There have been a lot of changes to motorways through the years in order to make them more reliable, more safer and allow more traffic to pass without as many hold ups.
Recently we have the introduction of ‘smart motorways.’
Smart motorways use a part of the motorway that allows a traffic management system to add more lanes to help reduce traffic jams especially in the busier areas at busier times of the day. The hard shoulder is now being used as a lane and the introduction of variable speed limits has been added to help control the flow of traffic in order to try to avoid the build up of traffic.
There are three main types of smart motorway which are dynamic hard shoulder running schemes, all lane running schemes and controlled motorways.
Dynamic hard shoulder running schemes involves opening the hard shoulder to become a running lane so it can be used at busy times of the day to help ease traffic. The hard shoulder must not be used if the signs above are displaying a red X or are blank.
All lane running schemes permanently remove the hard shoulder to convert it into a running lane. On this type of motorway the hard shoulder or lane one is always running unless there has been an accident. When this happens a red X on the gantry lane will light up and will signify that the lane should not be used as a lane anymore and drivers should change to another lane as soon as possible. Failing to do so can result in severe consequences.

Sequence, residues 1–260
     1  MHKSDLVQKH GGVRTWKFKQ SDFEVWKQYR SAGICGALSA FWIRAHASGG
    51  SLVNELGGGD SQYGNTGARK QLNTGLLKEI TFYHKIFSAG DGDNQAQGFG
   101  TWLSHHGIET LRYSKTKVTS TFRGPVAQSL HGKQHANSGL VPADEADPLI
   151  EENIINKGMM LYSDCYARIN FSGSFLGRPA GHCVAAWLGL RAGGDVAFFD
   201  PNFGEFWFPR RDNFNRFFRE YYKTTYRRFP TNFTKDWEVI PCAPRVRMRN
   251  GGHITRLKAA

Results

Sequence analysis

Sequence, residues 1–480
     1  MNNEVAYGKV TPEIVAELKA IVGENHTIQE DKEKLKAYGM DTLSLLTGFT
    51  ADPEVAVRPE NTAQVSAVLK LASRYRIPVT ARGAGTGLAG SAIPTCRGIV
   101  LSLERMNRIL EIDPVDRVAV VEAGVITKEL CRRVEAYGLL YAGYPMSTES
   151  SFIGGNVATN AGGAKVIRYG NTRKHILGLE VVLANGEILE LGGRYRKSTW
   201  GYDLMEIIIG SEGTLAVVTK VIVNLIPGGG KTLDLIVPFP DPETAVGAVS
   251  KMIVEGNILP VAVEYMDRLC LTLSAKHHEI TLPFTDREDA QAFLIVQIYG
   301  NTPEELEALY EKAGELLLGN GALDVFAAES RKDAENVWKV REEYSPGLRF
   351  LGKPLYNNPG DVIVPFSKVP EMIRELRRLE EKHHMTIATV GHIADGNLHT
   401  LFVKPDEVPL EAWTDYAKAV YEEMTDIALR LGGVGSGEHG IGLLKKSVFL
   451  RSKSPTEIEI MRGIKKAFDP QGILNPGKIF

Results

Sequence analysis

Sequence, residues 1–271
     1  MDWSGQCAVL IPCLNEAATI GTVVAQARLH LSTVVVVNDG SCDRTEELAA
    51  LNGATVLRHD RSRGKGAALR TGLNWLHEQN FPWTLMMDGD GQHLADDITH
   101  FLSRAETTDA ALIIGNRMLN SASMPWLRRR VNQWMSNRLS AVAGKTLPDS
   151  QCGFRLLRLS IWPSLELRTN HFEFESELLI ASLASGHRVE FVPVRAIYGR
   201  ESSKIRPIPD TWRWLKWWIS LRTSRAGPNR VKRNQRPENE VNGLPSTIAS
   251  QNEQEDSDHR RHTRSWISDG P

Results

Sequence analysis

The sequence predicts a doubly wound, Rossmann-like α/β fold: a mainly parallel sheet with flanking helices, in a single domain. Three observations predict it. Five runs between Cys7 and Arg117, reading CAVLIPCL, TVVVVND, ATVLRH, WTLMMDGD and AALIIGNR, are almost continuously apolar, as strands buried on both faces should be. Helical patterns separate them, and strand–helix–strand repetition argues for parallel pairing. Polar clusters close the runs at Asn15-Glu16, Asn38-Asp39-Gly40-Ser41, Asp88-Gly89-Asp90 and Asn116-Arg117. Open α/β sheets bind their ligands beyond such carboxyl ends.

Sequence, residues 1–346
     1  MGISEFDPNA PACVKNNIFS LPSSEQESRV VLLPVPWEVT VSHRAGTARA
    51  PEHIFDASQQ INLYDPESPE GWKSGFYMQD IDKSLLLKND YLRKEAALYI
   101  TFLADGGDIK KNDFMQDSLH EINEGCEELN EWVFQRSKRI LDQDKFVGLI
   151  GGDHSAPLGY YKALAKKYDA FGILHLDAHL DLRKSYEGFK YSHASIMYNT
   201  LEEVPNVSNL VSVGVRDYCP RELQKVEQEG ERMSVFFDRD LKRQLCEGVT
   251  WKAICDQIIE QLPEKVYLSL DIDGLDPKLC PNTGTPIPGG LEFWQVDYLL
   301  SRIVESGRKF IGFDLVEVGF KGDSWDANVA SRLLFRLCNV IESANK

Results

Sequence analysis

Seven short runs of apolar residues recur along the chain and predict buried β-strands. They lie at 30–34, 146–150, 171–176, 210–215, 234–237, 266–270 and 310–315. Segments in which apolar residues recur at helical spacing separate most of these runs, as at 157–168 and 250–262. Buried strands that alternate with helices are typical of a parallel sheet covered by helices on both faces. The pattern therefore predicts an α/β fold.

Controlled motorways have at least three lanes with variable speed limits but have still kept its hard shoulder which should only be used in an emergency. These variable speed limits are shown on overhead gantry signs and if there aren’t any speed limits shown then the national speed limit takes over.
Recently smart motorways have been called death zones as there is nowhere to stop. Using the hard shoulder as a normal driving lane has helped reduce traffic but has been the cause for a handful of deaths and lots of accidents because whenever a driver breaks down they seem to find it near impossible to escape being hit. According to a recent survey nearly 80% of drivers feel that motorways are far more dangerous now than they were half a decade ago all due to the removal of hard shoulders.